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CREDIT, in commerce and in political economy, signifies the trusting or lending of one man's property to another. The man who trusts or lends is said to give credit, and he who is trusted is said to obtain it. The one is called a creditor, and the other a debtor.

Credit is given either in goods or in money. By the former mode goods are supplied to a purchaser, for which the payment is deferred for some fixed period, or indefinitely, and the person who supplies them indemnifies himself for the delay by an increased price. By the latter mode, money is advanced, upon security or otherwise, and interest is charged upon the loan. [INTEREST; MORTGAGEd Both these modes are used, in conjunction with each other, in the large transactions of commerce. A manufacturer, for example, sells to a merchant, for exportation, goods to the value of a thousand pounds. The merchant, however, is unable to pay for them until he has received remittances from abroad ; and the manufacturer, aware of his sol vency, is contented to receive in payment a bill of exchange, due at some future period. [EXCHANGE, BILL OF.J But in the mean time he is himself in need of money to carry on his business; and in stead of waiting for the payment of the bill when it shall become due, he gets it discounted by a banker or other capitalist. Thus having given credit to one person in goods, he obtains credit from another in money. In this and other ways capital is circulated and applied to the various purposes for which it is required. But without entering further upon the prac tical methods by which the mercantile system of credit is conducted, it is pro posed to inquire into its causes and into its economical uses and results.

There can be no system of credit until there has been a considerable accumula tion of capital ; for when capital first -begins tale accumulated, those who pos sess it apply it directly in aid of their own labour. They have no superfluity which they can afford to lend to others ; and they are generally engaged in some business in which their savings can be profitably employed. As a country in creases in wealth, many persons acquire capital which they cannot employ in their own business, or can only employ by offering inducements to purchase in the shape of deferred payments. Others, again, inherit capital from' which they wish to derive an income without the trouble of personally superintending its application. It is from these classes of persons that lenders of capital arise ; and they have no difficulty in finding bor rowers. Setting aside that countless class of mankind whose maxim it is to get money or money's worth, honestly if they can, but at all events to get it—who will borrow whenever others will lend, and reckon the loan as so much money earned, most men have an instinctive perception that the next best thing to having capital of their own is to have the use of the capital of others. The efficacy of capital is very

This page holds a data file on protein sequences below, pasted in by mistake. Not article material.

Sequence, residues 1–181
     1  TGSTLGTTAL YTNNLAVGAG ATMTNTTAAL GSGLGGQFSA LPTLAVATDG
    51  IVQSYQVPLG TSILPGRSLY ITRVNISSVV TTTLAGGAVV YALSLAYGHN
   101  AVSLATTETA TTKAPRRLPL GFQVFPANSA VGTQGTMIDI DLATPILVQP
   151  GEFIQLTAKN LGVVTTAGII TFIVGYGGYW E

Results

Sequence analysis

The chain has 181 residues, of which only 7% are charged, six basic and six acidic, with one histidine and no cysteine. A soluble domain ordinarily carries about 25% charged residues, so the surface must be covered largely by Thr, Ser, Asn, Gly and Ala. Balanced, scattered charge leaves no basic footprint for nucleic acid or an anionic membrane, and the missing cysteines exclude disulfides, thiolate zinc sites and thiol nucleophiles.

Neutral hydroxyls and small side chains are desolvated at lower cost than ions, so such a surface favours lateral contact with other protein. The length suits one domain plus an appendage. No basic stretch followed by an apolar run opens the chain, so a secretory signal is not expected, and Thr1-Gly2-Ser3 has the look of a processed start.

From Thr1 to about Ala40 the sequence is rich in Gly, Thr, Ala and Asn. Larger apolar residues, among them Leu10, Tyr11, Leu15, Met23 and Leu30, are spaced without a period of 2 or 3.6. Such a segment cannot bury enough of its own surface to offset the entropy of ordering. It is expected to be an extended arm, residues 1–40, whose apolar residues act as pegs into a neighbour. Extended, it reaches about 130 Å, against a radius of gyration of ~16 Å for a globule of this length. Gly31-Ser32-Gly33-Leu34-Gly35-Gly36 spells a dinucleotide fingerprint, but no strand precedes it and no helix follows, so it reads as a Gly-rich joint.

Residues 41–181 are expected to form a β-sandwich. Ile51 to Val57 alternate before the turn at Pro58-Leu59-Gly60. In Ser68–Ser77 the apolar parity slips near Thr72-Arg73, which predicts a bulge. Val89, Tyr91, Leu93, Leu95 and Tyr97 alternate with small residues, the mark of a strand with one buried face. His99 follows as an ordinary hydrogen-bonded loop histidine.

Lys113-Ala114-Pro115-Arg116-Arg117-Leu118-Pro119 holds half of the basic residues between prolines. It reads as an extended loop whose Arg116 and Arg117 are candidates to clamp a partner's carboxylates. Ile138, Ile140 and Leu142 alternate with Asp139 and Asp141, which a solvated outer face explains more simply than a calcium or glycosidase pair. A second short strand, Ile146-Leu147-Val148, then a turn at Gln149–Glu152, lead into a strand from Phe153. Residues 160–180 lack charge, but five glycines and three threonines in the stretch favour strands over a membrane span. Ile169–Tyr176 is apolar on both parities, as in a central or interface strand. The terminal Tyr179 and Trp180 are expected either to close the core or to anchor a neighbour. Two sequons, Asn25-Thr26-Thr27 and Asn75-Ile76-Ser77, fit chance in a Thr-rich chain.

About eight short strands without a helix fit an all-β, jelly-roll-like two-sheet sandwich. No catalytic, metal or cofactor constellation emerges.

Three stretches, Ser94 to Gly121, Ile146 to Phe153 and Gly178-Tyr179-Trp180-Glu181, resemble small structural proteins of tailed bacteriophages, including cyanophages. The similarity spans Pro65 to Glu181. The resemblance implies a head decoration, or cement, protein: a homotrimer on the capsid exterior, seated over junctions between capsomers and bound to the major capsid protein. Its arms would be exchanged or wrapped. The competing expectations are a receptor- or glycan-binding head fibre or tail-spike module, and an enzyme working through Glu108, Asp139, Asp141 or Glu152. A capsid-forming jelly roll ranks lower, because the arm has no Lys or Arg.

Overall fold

soon discovered as an instrument for the production of wealth, and those who have it not are willing to pay for its use ; or, in other words, to share with a capitalist the profits of their own industry, on con dition that he intrusts to them such funds as they require for making it productive. Thus as soon as a sufficient capital exists, a system of credit has a natural tendency to arise, and will continue to grow with the increase of capital, unless it be checked by a general insecurity of pro perty, by imperfect legal securities for the payment of debts, or by a want of confidence in the integrity of the parties who desire to borrow. When the society and laws of a country are in a sound state, and capital is abundant, credit comes fully into operation.

The precise use of credit as an agent in the production of wealth is that it gives circulation to capital, and renders it available wherever it can be most profit ably employed. It does for capital what division of employments does for labour. Without augmenting its quantity it in creases its utility and productiveness. Credit, in fact, may be best understood by regarding it as one of the many forms in which the division of employments facilitates the production of wealth. Without the aid of capital, the labour of man is comparatively ineffectual ; and credit, by circulating capital among those who are engaged in the productive employment of labour, promotes the most essential of all divisions of industry—that which uses and makes effective the in genuity of men in those pursuits for which they are adapted. [Divistox OF EMPLOYMENTS.] To employ capital productively is a business requiring great knowledge, skill, and industry ; and is rendered mom effeo the by a division of superintendence, as manual labour is facilitated by a judicious distribution of employments among several hands. Every man who borrows money for the legitimate purposes of industry, and applies it with judgment, is really the agent of the capitalist, in executing duties which the capitalist himself would be unable to perform. A man's capital would be comparatively useless without an active superintendence, and a union of skill and industry in a particular business. These qualities are placed at his disposal by the system of credit, and stimulated to exer tion by a share in the profits arising from the use of his capital. If the capitalist should trust persons improvidently, these useful results will not follow ; but it is his peculiar province, as it is his interest, tc exercise caution and judgment in the in vestment of his own capital ; and if he fail to do this, his fortune will suffer in precisely the same manner as if he super intended a factory himself without under standing the business, and employed idle and ignorant foremen and unskilled operatives.

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